If someone were to walk up to me and say, “Hey Archer, do you want to be repeatedly tackled by a 300-lb man in front of a large crowd of friends and family until you’re covered with literal and metaphorical bruises?” I would likely reply, “No, that’s dumb. And how do you know my name? Stay away from me.”
That’s probably because I—like many people—am not a huge fan of failure and pain. If I see it coming toward me, like the large cloud of eyeballs that follows me in my dreams, I turn and run. Yet, seven years ago, when my high school offered me the opportunity to spend two and a half hours of every day in pads and a helmet trying to hit guys who were a foot taller and 100 pounds heavier than me, I jumped at the opportunity. Yup. I played football in high school. Don’t believe me? I don’t blame you. Looking back on it, it almost seems like a fever dream.
But every day, I would slide my glasses into the slit in my helmet, wrap my wrist in tape, and go out onto our muddy, pockmarked practice field looking like a bobblehead. Three whole years, and my greatest achievement on the field was an onside kick return. The beautiful moment still plays in my memory: Young Archer, bouncing back and forth before the kick, hoping that the terrible pain in his back is just a sprain and not the first sign of a lingering injury that he’ll forever regret, waiting for the ball to come his way. That chubby little fool of an Archer squatting down and catching the rolling onside kick in his arms, pulling it to his chest, and standing stock still.
“Fall,” Coach yelled.
“What’s that?” I said, turning to look at him.
He closed his eyes and shook his head.
Then, thanks to my killer instincts, I realized that I was about to be brutally tackled by a mass of rushing defenders. In a move that will forever go down in history, I froze stock still and collapsed onto my side like a fallen idol. And I lay there. And the play was over. I had recovered the kick. Angels blasted a joyful reverie upon heavenly trumpets. Or maybe that was just Harvey the right tackle farting.
Anyway, that was the peak, and even that was pretty bad. I was a massive failure of a football player. I was small and slow, and every play was an exercise in futility. By the end of my senior year, I left with a Varsity letter, a weird dent in my head, and a violent fear of locker rooms—nothing else.
I guess you could say the “camaraderie,” “memories,” and “invaluable friendships” were a byproduct as well, but I’m not about all that emotional stuff. It was a failed enterprise that left me scarred and constantly reminded me that footballing was an activity I was really bad at doing.
Most folks would say I should have run from that failure—just quit the team. But most folks would also say that cereal and shrimp don’t go together, and you shouldn’t eat that for dinner, it’s disgusting Archer, what the hell is wrong with you? Those folks are clearly misguided and incorrect.
Failure was a strange light in my life. I used it as a guiding tool, a compass. Yes, every time I went to practice I ended up being thrown halfway across the field, but after practice I could go home and write about pain, friendship, and the weird reality of hitting people really hard in a way I never could before. There was something that a short bespectacled tight end with thyroid problems and chubby cheeks could get out of football—a renewed passion for writing and an experience to write about. If it wasn’t for the years of humiliation and dread that football inspired (and also all the awesome times that I don’t mention here, because I like to make my column dark and unpleasant), I wouldn’t have fully realized that I enjoy writing a lot and am significantly better at it than at football.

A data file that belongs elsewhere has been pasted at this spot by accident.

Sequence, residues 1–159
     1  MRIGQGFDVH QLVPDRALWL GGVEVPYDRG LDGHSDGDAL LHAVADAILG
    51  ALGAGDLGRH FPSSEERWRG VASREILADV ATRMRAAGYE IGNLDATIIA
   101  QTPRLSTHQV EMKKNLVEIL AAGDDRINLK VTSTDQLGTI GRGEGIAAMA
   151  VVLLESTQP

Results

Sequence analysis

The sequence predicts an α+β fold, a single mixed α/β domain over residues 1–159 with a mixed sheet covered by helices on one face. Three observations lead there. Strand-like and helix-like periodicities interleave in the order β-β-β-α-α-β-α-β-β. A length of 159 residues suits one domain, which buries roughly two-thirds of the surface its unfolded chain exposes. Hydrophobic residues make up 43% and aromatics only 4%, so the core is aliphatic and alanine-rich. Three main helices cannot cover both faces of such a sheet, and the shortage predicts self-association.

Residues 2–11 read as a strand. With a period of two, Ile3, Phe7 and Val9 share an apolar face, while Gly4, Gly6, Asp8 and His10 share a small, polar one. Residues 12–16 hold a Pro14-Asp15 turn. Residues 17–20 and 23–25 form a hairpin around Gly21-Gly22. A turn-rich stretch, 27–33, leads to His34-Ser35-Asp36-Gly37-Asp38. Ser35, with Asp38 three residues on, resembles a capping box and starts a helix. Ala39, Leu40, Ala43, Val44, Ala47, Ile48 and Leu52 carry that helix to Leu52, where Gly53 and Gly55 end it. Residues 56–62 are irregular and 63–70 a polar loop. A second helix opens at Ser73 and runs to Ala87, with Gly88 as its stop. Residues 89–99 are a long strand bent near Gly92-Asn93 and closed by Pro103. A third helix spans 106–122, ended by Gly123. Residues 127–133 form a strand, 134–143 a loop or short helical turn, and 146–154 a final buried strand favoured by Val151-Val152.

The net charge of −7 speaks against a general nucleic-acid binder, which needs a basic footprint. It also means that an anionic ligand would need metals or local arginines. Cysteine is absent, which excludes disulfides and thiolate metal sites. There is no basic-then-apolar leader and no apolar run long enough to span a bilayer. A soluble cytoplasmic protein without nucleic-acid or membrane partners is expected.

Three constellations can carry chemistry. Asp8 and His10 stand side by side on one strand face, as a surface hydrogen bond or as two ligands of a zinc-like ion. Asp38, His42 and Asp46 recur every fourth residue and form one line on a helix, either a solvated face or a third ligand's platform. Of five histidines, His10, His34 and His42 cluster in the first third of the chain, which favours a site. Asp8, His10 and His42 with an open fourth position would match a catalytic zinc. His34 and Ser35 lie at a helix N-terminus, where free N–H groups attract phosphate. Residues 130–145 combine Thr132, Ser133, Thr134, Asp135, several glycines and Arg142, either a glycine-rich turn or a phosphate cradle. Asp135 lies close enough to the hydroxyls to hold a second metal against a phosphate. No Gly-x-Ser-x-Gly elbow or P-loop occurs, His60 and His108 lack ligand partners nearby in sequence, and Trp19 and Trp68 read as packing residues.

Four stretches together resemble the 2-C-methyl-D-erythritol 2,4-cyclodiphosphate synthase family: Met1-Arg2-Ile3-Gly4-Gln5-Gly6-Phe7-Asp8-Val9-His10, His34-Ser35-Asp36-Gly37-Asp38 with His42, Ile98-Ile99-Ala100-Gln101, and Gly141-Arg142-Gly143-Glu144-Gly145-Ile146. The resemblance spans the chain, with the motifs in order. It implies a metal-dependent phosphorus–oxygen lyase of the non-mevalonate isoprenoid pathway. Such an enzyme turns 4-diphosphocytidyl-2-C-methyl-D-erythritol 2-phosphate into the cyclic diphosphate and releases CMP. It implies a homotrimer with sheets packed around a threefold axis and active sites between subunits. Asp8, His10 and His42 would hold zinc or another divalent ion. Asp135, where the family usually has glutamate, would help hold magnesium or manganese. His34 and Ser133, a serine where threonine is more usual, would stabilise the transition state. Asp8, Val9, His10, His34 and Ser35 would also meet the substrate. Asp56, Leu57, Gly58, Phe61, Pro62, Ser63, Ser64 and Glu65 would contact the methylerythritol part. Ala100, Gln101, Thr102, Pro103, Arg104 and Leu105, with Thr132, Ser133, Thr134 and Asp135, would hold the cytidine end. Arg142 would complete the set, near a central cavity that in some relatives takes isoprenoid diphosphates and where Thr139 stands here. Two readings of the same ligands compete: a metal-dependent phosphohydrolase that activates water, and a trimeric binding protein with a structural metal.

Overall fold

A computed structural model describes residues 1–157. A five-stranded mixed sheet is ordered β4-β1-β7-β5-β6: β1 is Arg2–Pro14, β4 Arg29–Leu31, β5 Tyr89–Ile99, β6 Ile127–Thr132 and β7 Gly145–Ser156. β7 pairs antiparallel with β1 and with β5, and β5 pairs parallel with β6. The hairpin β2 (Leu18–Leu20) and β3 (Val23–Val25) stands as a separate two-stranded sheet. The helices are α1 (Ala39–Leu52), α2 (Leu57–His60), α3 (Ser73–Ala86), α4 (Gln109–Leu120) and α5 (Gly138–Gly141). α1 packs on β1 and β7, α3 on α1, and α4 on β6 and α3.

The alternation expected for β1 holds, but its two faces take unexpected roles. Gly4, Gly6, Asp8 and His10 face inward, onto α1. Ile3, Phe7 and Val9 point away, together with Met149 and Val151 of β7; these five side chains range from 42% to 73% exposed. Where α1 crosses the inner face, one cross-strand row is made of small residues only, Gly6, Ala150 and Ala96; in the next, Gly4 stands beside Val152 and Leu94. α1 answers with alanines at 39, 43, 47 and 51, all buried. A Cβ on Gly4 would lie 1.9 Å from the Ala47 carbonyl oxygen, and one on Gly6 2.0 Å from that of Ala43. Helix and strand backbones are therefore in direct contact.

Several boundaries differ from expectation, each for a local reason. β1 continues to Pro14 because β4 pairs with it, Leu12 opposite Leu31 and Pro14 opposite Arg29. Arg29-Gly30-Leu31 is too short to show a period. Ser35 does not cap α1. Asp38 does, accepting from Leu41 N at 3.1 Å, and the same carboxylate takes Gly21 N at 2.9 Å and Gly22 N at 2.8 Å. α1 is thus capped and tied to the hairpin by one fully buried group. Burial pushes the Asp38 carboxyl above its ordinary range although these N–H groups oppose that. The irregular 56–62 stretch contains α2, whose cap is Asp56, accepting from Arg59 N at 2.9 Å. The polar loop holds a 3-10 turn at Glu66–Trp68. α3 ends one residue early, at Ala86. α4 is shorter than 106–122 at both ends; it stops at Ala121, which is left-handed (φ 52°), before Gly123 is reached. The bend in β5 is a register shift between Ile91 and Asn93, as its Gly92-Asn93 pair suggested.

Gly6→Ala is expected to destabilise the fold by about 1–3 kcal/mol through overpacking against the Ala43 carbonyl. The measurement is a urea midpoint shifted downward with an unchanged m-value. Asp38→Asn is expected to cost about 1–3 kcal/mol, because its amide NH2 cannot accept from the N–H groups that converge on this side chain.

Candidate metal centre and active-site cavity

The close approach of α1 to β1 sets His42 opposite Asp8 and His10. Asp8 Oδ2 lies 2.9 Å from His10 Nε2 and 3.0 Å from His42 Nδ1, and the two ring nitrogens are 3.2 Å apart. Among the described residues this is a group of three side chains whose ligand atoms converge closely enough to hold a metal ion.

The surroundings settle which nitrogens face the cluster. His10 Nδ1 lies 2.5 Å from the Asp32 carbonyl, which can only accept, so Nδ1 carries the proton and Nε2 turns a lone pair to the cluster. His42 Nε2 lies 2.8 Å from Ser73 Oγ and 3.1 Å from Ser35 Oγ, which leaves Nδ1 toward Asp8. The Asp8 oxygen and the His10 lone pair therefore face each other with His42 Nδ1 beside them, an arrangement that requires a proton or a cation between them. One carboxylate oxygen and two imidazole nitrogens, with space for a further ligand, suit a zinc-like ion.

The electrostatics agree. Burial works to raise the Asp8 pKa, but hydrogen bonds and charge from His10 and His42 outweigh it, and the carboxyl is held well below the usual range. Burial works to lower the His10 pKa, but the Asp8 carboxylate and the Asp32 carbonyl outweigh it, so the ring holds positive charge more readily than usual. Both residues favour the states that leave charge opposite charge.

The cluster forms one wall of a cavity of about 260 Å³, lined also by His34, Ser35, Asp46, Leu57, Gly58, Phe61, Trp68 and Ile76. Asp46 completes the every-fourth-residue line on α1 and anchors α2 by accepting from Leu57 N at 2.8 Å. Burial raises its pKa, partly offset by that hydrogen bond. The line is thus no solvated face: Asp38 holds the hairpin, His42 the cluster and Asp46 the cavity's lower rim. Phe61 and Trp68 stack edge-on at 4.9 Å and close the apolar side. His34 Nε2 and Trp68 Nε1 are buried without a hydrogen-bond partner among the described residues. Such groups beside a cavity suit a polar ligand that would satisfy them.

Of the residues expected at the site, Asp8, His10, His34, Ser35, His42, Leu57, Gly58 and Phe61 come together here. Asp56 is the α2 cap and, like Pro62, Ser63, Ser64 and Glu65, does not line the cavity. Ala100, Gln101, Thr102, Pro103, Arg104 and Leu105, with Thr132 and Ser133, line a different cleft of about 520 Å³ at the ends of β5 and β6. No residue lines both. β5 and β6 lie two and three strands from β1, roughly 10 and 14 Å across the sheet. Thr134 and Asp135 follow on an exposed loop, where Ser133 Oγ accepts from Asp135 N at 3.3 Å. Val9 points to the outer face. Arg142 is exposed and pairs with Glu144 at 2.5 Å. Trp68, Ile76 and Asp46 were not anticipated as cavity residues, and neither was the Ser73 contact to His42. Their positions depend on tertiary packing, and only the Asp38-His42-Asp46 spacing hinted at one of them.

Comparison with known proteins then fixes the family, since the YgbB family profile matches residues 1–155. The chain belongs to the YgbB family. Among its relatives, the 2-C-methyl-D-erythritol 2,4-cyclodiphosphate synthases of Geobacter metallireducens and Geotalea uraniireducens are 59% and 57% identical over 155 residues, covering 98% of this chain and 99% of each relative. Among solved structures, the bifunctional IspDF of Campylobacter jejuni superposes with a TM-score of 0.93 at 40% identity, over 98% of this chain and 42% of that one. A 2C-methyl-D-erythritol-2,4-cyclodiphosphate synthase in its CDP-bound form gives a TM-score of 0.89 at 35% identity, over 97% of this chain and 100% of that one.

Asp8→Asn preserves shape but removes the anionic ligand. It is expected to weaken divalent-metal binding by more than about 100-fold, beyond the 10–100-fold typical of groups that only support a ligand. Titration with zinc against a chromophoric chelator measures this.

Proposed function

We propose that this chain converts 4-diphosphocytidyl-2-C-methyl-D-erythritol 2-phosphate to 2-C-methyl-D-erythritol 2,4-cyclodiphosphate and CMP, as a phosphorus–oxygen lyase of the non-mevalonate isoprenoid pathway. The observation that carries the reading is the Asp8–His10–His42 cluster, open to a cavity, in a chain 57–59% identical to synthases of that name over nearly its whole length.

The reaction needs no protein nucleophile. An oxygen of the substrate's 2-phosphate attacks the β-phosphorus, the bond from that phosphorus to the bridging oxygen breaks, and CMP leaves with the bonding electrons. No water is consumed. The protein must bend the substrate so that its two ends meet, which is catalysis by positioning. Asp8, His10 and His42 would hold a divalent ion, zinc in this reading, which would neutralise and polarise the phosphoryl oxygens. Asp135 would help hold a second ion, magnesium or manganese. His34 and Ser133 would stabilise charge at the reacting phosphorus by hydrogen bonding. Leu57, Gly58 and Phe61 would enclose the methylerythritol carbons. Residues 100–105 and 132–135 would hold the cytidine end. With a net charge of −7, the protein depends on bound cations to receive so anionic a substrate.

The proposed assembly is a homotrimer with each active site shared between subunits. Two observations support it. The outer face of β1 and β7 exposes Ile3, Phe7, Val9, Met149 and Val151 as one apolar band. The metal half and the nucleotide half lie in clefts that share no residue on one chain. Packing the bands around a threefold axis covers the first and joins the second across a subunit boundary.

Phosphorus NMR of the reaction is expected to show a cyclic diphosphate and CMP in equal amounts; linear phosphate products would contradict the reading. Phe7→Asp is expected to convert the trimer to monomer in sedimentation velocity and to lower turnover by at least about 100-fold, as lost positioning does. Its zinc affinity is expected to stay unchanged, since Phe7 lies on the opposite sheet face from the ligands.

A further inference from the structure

That’s why now, in my latter days at BC, I’m alarmed at how cowardly I am when it comes to failure. The slightest possibility of rejection, conflict, embarrassment, fungal infection, or plain suckiness scares me away. And I’m sure it probably scares you, my beloved reader, away as well. I’m not saying don’t be afraid to try new things, because that’s a cliché, and I would rather lace up my cleats again and run suicides until I puke in the grass than write a cliché. I’m saying that failure is a reward in itself if you look at it the right way. It’s a moment that illuminates your character and shows you a new way forward. When I realized that I was a mess at football, I turned toward writing about it—channeling the suck—and instinctively knew something better was happening. You just have to look for a way to use your failure, another angle, and it becomes valuable.
Next time I find myself treating a possible failure like my insane Aunt Patricia—with great fear and trembling—I’m going to run headfirst into it instead. Let the 300-lb man tackle you into the dirt for once. Maybe the scars will teach you something amazing. Or maybe it’ll just hurt real bad. Either way—you’ll have a story to tell.
Featured Image by Meg Dolan / Heights Editor